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From pups that fit in purses to those that seem fit for a stable, dog breeds run the gamut of size, shape, temperament and overall look. But they have one thing in common: All dog breeds can trace their heritage back to the gray wolf, though scientists are less sure where today's Fidos originated. Gradually as humans selected for traits they found useful, or just downright cute, in their dogs — herding ability, particular temperament, fishing acumen — the canines diversified.
Every year, the American Kennel Club (AKC) announces their list of the most popular breeds. Here are the AKC's Top 10 most popular dog breeds from 2015.
BoxersSlide 2 of 21
Known for standing up on its hind legs to duke it out with an opponent, this dog breed can appear to box with its front paws. In fact, when developed in Germany in the 19th century, boxers were used for dog fighting as well as to restrain large game like wild boar until a hunter arrived, according to the AKC.
Officially recognized by the AKC in 1904, the boxer breed has been pushed down a couple spots, eking out the No. 10 on the most popular breeds list in 2015. (In 2014, the blunt-nosed doggie snagged No. 8 and the year before that No. 7.) The medium-sized dog has an active, fun-loving and bright personality, according to the AKC.
The boxer has the honor of getting its genome sequenced. By looking at the boxer's genome as well as those of other modern dogs and wolves, scientists found that dogs are more closely related to each other than they are to wolves, regardless of geographic origin. That study, detailed online Jan. 16, 2014 in the journal PLOS Genetics, revealed that dogs and wolves shared a common ancestor between 9,000 and 34,000 years ago.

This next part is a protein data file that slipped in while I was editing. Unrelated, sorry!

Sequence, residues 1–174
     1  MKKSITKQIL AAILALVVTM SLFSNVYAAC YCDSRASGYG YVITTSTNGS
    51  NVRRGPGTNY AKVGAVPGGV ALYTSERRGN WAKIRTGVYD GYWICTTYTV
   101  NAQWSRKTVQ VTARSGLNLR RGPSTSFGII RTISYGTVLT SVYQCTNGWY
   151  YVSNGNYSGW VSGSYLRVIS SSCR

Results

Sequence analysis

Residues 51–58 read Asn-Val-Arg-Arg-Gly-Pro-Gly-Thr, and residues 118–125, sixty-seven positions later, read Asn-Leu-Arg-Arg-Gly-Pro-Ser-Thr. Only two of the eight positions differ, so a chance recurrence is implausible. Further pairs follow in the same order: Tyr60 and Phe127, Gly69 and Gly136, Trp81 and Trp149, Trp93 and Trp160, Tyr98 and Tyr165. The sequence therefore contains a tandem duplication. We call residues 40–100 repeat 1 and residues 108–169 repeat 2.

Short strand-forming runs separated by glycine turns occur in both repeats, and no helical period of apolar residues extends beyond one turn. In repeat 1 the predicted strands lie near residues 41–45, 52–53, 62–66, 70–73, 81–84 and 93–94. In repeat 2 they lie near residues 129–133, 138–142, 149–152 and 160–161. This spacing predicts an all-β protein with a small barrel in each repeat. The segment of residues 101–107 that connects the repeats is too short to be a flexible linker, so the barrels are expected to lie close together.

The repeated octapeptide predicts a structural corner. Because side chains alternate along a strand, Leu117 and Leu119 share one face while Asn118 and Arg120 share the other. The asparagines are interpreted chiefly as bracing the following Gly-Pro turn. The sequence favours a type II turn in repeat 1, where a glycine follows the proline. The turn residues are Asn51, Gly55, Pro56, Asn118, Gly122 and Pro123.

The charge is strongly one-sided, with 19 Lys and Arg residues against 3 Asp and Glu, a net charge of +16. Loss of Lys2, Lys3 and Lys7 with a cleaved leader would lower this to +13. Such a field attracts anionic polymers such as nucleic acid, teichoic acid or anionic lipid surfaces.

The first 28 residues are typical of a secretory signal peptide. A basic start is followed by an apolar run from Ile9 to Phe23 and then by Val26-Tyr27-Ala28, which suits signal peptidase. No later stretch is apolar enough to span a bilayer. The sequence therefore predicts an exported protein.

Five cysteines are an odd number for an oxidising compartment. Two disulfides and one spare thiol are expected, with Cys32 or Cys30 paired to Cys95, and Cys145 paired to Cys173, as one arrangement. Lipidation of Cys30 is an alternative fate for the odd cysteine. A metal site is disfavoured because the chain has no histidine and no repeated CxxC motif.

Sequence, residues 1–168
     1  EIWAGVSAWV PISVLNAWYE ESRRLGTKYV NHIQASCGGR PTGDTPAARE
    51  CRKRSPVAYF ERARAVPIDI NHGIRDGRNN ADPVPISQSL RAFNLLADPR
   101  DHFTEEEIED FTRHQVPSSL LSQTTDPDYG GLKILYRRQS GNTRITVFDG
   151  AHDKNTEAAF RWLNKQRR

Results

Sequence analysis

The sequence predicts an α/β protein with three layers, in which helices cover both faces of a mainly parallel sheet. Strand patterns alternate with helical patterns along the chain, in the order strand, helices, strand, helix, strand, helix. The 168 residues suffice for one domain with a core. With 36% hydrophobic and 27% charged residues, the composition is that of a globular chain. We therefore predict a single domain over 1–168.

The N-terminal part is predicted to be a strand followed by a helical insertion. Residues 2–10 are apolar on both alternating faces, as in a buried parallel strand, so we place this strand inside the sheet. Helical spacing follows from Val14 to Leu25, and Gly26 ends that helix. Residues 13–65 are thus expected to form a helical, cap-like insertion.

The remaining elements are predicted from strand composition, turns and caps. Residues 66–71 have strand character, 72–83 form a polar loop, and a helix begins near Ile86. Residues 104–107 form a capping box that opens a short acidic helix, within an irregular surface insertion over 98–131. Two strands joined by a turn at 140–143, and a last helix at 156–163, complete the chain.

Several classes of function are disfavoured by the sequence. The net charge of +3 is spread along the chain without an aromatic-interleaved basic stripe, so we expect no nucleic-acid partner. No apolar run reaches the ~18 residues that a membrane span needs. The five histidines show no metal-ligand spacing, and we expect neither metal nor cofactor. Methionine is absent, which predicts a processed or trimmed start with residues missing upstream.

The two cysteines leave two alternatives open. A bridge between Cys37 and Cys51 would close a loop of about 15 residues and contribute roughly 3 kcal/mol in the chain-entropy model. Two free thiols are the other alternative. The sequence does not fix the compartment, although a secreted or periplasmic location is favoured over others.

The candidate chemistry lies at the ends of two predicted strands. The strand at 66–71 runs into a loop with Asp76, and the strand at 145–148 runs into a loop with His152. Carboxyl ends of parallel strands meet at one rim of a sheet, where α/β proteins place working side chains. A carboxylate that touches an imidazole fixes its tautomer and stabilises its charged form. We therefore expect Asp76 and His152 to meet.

Click Next to find out #9 on the list. This one once herded cattle.Slide 3 of 21
RottweilerSlide 4 of 21
RottweilerDescended from Roman drover dogs, the Rottweiler (the ninth most popular dog in the U.S. in 2015) likes to move. According to the AKC, Rotties should be exercised at least twice a day. Though the powerful dog can be reserved with strangers, it is also considered an affectionate pet and devoted companion. Even so, because of their muscular build and size — 24 to 27 inches (60 to 69 centimeters) at the shoulder, and weighing 95 to 125 pounds (43 to 57 kilograms) — owners must be careful having Rottweilers around small children, according to the American Rottweiler Club. Apparenty, the dog's "bumping" behaviors can knock kids over: "This bumping is a natural behavior of the Rottweiler, a legacy from the days when the breed was used to herd cattle. Rottweilers will bump and herd children or elderly family members," reads the ownership manual put out by the Club.
Read on to find out what curly-haired dog also made the top-10 list.Slide 5 of 21
PoodlesSlide 6 of 21
That's right, poodles, known for their 'dos, snagged the eighth spot on the AKC's popular dog breed list. Though its airy curls may have you believe differently, the poodle is not a fluffy toy, and rather the breed sports major smarts and excels in obedience training.
The breed comes in three size variations: The standard variety, the oldest of the three, is the only one to have its genome sequenced, a feat reported in 2003; the miniature may have been used to sniff out truffles — an edible fungus considered a delicacy; and the toy poodle, which was often used in performances and kept as a pampered pet. For instance, during the reign of Louis XVI in France, toy poodles were all the rage.
Though poodles come in a variety of coat colors — including white, black, apricot and gray — research published in 2007 in the journal Science revealed that all poodle coats and those of nine other breeds arise from the same gene called beta-defensin that encodes black and yellow coat color. And all colors in between are just modifications of yellow and black, the researchers said.
The next dog on the list can add "tomboyish" to its personality traits, according to the AKC. Find out what breed it is …Slide 7 of 21
Yorkshire TerriersSlide 8 of 21